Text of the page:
Published : Friday, September 16, 2016 | 12:30 PM
As Flintridge Prep starts the new school year, the administration is introducing a program that promises to expand the culture of leadership and community at the school. In the spring, Flintridge Prep received a full seven-year accreditation from the California Association of Independent Schools and the Western Association of Schools and Colleges, an endorsement of the school’s academic and human development programs. The accreditation revealed that leadership programs on campus are very successful. But these accolades also revealed a new challenge to make leadership training the purview of all students.
The new initiative, devised by Dean of Student Life Barrett Jamison and consultant Laura Campobasso of Progressive Strategies, recognizes that leadership is not limited to a position or a title. The pair conducted research and surveys to create a curriculum that will help all students develop a deep sense of self-awareness and strong self-management practices. Topics include team building, presentation skills, conflict resolution, reading non-verbal cues, time management and active listening.
“We’re proud of the leadership opportunities on campus, but it is important for us to design the initiative to work for all students. We also want a scope and sequence because you don’t learn these skills in a day. I’m very excited about the program’s potential,” says Headmaster Peter Bachmann.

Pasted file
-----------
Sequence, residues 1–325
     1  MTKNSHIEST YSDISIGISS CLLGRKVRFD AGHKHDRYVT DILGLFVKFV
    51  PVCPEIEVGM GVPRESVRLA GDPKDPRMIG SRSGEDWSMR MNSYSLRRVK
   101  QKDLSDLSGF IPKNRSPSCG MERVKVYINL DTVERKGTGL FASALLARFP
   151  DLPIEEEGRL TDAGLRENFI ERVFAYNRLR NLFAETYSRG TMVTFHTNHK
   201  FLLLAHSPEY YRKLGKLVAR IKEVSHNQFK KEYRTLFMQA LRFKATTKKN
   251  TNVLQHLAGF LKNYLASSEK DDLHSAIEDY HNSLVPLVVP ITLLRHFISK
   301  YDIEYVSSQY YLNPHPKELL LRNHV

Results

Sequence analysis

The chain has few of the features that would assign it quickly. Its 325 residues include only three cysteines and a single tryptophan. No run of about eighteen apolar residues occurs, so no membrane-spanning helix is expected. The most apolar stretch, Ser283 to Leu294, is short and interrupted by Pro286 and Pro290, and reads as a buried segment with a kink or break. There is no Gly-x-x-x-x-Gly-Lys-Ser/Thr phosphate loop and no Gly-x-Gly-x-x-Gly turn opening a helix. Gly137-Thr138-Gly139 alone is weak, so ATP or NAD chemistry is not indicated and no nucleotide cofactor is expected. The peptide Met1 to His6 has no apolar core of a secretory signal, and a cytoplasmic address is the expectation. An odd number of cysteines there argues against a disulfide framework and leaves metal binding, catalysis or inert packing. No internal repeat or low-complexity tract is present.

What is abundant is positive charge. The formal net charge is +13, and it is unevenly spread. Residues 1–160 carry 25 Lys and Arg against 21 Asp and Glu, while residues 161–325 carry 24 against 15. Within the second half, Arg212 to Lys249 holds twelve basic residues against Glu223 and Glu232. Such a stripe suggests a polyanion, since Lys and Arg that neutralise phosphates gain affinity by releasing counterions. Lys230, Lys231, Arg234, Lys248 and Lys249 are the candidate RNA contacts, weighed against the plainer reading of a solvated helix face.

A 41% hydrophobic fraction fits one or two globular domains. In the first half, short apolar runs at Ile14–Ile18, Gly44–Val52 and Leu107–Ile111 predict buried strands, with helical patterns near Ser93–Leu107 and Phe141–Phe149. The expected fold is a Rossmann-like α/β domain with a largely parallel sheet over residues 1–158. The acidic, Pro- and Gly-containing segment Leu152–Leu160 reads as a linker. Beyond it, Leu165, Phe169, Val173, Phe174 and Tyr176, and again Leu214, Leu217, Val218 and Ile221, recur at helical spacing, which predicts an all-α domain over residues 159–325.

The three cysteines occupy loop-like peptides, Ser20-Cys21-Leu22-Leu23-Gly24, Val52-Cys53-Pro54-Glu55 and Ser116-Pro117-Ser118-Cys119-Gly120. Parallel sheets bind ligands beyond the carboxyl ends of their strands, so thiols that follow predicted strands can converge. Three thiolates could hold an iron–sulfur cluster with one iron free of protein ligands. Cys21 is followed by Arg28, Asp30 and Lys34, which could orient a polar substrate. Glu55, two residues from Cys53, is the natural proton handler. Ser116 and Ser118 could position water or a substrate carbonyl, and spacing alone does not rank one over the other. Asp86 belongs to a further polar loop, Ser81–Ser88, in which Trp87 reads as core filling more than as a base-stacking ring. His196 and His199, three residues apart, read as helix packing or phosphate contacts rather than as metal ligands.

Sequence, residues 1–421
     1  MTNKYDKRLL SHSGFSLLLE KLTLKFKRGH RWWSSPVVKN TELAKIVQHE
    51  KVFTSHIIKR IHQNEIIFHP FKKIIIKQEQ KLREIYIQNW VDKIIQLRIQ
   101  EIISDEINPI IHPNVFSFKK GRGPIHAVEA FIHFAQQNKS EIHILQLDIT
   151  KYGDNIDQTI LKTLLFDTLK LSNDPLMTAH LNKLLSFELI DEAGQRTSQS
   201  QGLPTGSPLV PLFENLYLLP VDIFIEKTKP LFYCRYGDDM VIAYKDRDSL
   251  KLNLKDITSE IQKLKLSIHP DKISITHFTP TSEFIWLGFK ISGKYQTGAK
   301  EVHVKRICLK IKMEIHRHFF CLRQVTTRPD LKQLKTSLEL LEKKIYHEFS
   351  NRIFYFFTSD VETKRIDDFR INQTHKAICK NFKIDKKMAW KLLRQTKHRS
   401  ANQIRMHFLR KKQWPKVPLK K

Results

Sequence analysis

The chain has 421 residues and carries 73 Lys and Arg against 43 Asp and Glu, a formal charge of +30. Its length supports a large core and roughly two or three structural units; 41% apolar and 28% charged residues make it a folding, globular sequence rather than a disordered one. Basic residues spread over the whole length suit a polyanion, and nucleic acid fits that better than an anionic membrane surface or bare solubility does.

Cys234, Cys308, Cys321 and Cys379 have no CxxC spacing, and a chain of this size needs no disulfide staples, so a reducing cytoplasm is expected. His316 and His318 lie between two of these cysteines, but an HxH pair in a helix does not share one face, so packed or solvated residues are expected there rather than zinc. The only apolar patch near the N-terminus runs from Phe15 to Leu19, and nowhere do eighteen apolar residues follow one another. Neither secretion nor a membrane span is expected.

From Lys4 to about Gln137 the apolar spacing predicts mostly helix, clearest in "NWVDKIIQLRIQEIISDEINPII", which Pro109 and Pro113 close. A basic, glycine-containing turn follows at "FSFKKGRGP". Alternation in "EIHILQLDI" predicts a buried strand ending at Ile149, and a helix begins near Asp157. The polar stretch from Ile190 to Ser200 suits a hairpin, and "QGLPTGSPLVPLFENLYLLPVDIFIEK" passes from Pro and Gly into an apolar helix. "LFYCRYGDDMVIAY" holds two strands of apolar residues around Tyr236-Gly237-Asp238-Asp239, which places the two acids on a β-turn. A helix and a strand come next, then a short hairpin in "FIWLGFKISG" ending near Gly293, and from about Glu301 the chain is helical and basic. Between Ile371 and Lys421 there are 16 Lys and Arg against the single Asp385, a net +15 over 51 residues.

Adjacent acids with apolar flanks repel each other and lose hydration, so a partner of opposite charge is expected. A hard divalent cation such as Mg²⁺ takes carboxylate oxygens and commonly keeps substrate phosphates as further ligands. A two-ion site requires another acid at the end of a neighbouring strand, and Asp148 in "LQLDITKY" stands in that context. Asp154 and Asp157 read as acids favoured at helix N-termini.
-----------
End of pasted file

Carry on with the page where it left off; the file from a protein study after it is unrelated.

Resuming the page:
Aspects of the curriculum were tested with 8th graders and 11th graders last spring, as well as through a summer school workshop, and the full scope and sequence will be unveiled beginning in the fall.
“We have already seen a new, individualized definition of leadership emerge. A leader could be the student who makes an observation that changes the conversation, or an intent listener who quietly voices an influential perspective,” says Jamison.
Nurturing new self-perceptions and potential is the goal. In one workshop last spring, small groups of students were given a case study about a dysfunctional team. The students were asked to repair the team without adding or removing any members. As a requirement of success, all members of the team had to share an equal amount of work. Each group came up with several good solutions—no two alike.
“This is not a cookie-cutter program. Each student will take away something different—it’s about learning to enhance your own way of using the skills,” says Campobasso. “What students leave with in the end is how each of them can be a leader in their own style. They realize, ‘even if I am not the team leader, I can use what I have to lead. I can use my voice for myself or give it to other students to speak up.’ That is the essence of the program.”
Peter Bachmann says the biggest differentiator for this program is that it is truly investigating the next frontier in human development while also creating a model that can be adopted by other schools. “In a generation of technology addicts, it’s easy to lose the balance,” he says, “Our students will graduate with technical and innovative skills as well as the habits of mind that will help them outpace their peers.”
Flintridge Preparatory School, 4543 Crown Ave., La Cañada Flintridge, (818) 790-1178 or visit www.flintridgeprep.org.